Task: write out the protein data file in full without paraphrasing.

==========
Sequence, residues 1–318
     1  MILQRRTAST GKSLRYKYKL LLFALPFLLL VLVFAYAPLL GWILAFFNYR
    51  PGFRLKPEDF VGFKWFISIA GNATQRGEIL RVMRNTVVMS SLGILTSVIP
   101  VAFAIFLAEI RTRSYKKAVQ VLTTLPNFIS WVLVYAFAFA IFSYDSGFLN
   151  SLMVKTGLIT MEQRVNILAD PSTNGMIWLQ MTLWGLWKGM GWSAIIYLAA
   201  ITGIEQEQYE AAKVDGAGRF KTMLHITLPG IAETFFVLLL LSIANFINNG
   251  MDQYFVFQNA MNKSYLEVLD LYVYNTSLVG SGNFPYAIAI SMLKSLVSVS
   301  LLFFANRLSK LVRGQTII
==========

Sequence, residues 1–318
     1  MILQRRTAST GKSLRYKYKL LLFALPFLLL VLVFAYAPLL GWILAFFNYR
    51  PGFRLKPEDF VGFKWFISIA GNATQRGEIL RVMRNTVVMS SLGILTSVIP
   101  VAFAIFLAEI RTRSYKKAVQ VLTTLPNFIS WVLVYAFAFA IFSYDSGFLN
   151  SLMVKTGLIT MEQRVNILAD PSTNGMIWLQ MTLWGLWKGM GWSAIIYLAA
   201  ITGIEQEQYE AAKVDGAGRF KTMLHITLPG IAETFFVLLL LSIANFINNG
   251  MDQYFVFQNA MNKSYLEVLD LYVYNTSLVG SGNFPYAIAI SMLKSLVSVS
   301  LLFFANRLSK LVRGQTII